finish at all or to finish with a oil finish like watco primer sealer.I
choose to put the oil on ,it darkened the cedar but it looks good .it has
the advantage that the finish will slowly erode and not flake off and cause
me any more work(I'm like you, after it is finished I do not want to have to
I built a sun filter for my parents' patio some 20+ years ago. 1 x 6
and 2 x 4 lattice, extending some 20 x 40 feet on the south side of
the house. I dipped the end grain on all cedar in a pail of Penetrol
and after I assembled the whole thing, I coated the entire filter in
Penetrol once again with a brush. After 5 years, the tips of the beams
were still golden as was the rest of the filter.
20 years later, you can still see the tips having a slightly more
natural colour than the rest of the lattice.
I also coated a cedar adirondac and after 15+ years still looks great.
A local doctor, after having seen this sun filter, had his cedar board
and batten cottage done entirely with Penetrol. His cottage had
already weathered some, but the Penetrol brought it back, rejuvenated,
to almost new wood colour. 10 years later he had another application
done and still looks wonderful 5 years after that.
A tech at Flood, when asked, volunteered just enough info for it all
to make sense.... it is really "just highly distilled linseed oil."
(You didn't hear this from me. btw.) <G>
Here's a product, marketed as an additive to give oil-based paint
'legs' and yet it has a secret life as well..... and you know I
wouldn't shit you, Tanus, because you know where I live. LOL
Hehe, I don't really. I know the town you live in and was there last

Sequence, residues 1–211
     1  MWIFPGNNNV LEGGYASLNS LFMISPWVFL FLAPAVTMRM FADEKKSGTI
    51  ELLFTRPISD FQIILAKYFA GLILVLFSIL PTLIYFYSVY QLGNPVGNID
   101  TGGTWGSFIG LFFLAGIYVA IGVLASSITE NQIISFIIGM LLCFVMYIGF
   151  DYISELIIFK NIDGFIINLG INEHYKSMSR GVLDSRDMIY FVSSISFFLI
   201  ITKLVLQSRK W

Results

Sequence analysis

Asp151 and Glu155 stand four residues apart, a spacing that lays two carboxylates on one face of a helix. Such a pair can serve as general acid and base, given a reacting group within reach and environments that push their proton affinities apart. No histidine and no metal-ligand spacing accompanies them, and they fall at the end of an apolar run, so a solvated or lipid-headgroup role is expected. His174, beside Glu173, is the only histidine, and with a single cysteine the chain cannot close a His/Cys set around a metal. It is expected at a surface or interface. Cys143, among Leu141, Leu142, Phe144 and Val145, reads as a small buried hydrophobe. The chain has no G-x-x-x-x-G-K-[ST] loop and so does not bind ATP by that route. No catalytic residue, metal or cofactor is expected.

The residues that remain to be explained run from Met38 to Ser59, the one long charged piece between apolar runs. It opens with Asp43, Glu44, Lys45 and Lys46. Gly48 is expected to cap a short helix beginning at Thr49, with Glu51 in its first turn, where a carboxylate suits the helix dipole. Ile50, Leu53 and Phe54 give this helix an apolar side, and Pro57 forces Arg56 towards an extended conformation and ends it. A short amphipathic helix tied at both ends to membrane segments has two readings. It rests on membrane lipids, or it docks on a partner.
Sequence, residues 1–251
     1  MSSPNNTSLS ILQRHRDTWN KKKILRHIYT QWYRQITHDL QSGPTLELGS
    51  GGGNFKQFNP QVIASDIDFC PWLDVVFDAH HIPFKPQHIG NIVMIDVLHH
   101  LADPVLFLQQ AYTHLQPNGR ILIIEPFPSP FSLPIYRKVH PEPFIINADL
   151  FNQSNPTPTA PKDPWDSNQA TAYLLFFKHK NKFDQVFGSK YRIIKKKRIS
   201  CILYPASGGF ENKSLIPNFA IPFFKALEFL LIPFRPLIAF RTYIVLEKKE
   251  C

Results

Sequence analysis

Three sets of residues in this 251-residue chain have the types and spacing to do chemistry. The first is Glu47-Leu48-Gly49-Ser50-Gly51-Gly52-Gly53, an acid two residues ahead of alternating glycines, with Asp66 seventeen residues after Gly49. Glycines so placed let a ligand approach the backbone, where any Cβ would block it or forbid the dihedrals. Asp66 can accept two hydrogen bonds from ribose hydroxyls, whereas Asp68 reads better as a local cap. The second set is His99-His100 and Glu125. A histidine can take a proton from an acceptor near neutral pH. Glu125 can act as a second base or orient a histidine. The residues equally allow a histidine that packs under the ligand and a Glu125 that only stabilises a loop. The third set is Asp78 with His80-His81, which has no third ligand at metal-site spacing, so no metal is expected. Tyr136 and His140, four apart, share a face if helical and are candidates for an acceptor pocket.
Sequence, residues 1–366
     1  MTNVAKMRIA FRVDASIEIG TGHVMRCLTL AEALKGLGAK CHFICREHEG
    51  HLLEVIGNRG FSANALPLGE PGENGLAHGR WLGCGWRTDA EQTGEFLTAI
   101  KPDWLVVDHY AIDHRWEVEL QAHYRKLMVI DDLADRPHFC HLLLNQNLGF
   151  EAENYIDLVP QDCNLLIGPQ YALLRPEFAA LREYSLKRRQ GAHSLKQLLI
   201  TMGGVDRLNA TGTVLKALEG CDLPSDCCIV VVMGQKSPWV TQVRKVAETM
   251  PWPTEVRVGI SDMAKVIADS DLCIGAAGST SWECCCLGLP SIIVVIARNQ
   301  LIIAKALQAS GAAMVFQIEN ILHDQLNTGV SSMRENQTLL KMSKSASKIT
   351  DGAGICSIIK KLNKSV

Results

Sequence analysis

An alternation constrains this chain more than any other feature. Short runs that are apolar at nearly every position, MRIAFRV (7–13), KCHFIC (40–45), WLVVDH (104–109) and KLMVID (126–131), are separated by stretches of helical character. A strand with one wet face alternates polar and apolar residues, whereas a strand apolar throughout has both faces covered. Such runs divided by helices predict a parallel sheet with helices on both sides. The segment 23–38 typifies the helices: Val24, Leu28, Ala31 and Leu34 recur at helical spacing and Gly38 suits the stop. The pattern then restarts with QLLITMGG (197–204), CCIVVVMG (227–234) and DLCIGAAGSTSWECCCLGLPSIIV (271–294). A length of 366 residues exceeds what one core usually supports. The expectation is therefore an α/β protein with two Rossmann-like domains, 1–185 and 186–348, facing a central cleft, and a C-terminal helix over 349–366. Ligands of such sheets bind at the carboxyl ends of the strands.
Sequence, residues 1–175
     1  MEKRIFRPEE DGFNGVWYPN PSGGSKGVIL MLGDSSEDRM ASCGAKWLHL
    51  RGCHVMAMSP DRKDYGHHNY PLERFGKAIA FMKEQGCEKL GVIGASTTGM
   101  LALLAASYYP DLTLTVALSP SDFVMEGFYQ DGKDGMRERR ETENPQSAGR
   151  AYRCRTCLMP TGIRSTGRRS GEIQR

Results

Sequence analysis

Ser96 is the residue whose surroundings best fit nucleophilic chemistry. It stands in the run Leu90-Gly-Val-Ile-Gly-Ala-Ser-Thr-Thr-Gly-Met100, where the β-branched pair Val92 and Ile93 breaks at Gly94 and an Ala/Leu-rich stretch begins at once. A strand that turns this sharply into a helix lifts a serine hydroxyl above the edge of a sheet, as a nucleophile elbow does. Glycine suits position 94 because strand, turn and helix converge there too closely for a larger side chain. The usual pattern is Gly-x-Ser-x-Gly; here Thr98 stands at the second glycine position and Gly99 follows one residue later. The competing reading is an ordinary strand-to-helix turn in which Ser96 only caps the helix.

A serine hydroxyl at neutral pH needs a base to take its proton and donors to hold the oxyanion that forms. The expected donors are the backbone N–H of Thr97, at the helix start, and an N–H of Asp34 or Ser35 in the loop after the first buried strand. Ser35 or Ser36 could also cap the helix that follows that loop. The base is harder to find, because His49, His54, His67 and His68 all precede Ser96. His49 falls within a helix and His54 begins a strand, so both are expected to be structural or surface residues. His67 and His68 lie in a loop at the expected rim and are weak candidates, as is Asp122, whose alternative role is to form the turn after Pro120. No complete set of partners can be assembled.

week, but I'd be hard pressed to sit at the end of your driveway to let
you know if you steered me wrong. Academic, however. I know you wouldn't.
I'll try the Penetrol if I can find it. I did a mini-search yesterday
and couldn't find a distributor but I'll do some phoning around today.
Where I live, the local suppliers actually close on Sundays. What I did
find was Cetol, recommended by David Paine, and that may be my backup.
BARRY, BillB, Mike, Denis and Leonard all took the time to answer my
question and gave me more food for thought. Thanks guys.
Thanks Upscale. I'd tried that, but ended up with only NY state
distributors within 100 mi. of Ottawa. They also mentioned Home Hardware
(that's the one closed on Sundays). I'lll give them a shout today.
They all quit and are now working for Travelocity. I DO have a 200
pound 6'4" Scotsman who would like to have a word with you. And two
crazies on dirt bikes who haven't figured out that they're mortal like
the rest of us.
And if the four of us can't handle you, there's always Angela. <G>
She sounds lovely. However, she's been married to you for a bit, so i
expect she can also chew me up and spit me out without breaking a drop
I found the Pentrol. Home Hardware can order it in for me, and I'll give
it a try.
It poured last nite. The lake came up so high that part of my dock is
floating. When I got up, the chair was soaked and had a wonderful sheen
to it. I doubt that the Pentrol will look like that once it's dry but
now that I'm coming round to it, I think I like having the cedar look
for some time to come. Thanks for the tip.